Goldman Sachs Group Inc. is holding fast to its dollar bullish stance, unmoved by the currency’s recent slide. Gains in the greenback Monday against its higher-yielding peers showed at least some investors agree.
An index tracking the greenback against 10 major peers has dropped 3.5 percent since Feb. 29, on track for its worst month since April 2011, as a cautious policy approach by the Federal Reserve undermined demand for the currency. While the Fed signaled an expectation for two interest-rate increases this year, economists at Goldman are predicting stronger economic outcomes will force policy makers into three hikes. New Zealand’s dollar led declines against the greenback Monday after a report showed consumer confidence weakened in the first quarter and as Asian equities declined.
“The underlying case for the divergence trade is stronger, not weaker, given that a dovish Fed will spur U.S. outperformance versus the euro zone and Japan,” wrote Goldman analysts led by Robin Brooks, the New York-based head of currency strategy. “Going up is hard to do, but the dollar will go up.”
The Bloomberg dollar index rose 0.1 percent to 1,187.03 as of 10:10 a.m. in Singapore, after dropping 1.3 percent last week. The greenback rose 0.7 percent to 67.60 cents per kiwi and climbed 0.4 percent to 75.80 cents per Aussie.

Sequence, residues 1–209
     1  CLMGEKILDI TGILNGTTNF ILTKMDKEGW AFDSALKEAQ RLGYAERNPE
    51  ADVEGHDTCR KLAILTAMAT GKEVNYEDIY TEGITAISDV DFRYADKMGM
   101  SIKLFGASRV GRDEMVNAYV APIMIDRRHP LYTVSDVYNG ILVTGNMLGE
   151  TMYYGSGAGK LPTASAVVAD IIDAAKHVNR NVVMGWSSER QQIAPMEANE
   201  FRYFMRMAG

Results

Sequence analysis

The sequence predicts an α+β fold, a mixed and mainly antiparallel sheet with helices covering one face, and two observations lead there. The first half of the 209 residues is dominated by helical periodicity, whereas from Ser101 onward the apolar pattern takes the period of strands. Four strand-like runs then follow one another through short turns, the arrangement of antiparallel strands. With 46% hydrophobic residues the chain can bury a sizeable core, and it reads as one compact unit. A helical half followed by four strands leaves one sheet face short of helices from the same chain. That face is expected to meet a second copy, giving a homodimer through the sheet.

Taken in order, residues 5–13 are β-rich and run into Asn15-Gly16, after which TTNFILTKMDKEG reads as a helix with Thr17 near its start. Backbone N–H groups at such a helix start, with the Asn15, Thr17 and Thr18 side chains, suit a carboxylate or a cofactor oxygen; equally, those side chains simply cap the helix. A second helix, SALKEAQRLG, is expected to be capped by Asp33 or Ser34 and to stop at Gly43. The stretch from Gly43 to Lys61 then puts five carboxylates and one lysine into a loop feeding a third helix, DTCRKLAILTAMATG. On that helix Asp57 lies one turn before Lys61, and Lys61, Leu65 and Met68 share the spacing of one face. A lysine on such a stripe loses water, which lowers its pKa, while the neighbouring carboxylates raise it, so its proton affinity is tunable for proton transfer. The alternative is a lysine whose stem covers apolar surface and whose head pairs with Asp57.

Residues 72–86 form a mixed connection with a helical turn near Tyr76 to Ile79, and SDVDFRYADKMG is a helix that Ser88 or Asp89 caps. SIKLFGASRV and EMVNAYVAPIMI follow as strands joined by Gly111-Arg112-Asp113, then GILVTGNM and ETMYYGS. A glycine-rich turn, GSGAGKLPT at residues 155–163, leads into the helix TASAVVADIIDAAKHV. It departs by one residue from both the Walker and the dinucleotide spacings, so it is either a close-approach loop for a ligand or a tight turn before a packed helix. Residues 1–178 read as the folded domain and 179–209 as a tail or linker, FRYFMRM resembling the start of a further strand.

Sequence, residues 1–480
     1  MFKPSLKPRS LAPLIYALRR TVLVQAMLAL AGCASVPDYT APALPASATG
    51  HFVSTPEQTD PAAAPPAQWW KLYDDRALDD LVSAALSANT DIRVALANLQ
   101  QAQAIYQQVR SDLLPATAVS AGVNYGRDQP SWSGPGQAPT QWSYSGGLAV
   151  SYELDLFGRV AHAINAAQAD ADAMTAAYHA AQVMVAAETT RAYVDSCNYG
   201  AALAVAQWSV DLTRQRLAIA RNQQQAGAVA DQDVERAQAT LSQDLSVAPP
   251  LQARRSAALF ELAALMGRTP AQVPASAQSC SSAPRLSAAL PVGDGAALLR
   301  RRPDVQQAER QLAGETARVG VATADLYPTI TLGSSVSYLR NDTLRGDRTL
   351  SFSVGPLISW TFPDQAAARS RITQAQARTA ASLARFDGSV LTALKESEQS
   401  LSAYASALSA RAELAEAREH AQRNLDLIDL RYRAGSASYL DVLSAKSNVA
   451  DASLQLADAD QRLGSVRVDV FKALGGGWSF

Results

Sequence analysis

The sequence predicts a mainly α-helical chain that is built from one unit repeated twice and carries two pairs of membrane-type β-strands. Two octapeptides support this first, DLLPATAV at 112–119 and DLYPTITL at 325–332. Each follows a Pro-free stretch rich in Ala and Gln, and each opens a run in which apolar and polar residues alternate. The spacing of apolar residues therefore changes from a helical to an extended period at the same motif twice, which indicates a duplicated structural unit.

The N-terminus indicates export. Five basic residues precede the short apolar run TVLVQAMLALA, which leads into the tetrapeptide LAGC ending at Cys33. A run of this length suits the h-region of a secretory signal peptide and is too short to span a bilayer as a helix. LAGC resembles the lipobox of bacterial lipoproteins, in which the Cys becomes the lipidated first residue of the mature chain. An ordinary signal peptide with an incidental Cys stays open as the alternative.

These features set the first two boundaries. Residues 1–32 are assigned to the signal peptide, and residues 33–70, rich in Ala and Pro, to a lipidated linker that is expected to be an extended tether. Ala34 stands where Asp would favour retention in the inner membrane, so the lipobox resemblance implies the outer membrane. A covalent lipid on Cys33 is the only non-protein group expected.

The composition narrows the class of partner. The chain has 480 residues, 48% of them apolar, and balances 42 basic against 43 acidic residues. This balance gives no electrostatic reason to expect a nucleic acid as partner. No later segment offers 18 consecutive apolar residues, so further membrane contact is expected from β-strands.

The greenback weakened 0.2 percent to 111.31 yen after touching 110.67 on March 17, its lowest level since October 2014. It was at $1.1282 per euro from $1.1270.
Japanese markets are closed today for a public holiday.
The “underlying appreciation pressure is large,” for the dollar, the Goldman analysts wrote. Their forecasts for the Fed tightening would suggest a 15 percent appreciation in the U.S. currency, they said.
The market’s expectations of the Fed are far more subdued. Traders put the chances of a rate increase in June at 39 percent at the end of last week, according to futures data compiled by Bloomberg. The odds of a single 25-basis-point move by December were at 68 percent, the data showed. The calculation assumes the effective fed funds rate will average 0.625 percent after the Fed’s next increase.
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Policy makers last week lowered their median rate projection to two increases by year-end from a forecast of four in December citing the potential impact from weaker global growth and financial-market turmoil on the U.S. economy.
Hedge funds and other large speculators reduced bets on dollar gains against eight major currencies to the lowest level since August 2014 in the week to March 15. The so-called net longs dropped to 88,214 contracts, according to the Commodity Futures Trading Commission in Washington.
“If I had seen the statement from the Fed in advance, I wouldn’t have expected quite so large a response in markets because they’re still saying they’re intending to hike rates again this year, twice,” Sean Callow, a senior currency strategist in Sydney at Westpac Banking Corp., said in a Bloomberg Television interview. “The dollar will start to stabilize in the months ahead.”
The greenback is set to strengthen toward $1.06 per euro and 120 yen in the second half of the year, and around 70 cents versus the Aussie, Callow said.
(An earlier version of the story was corrected to fix the low for the yen.)
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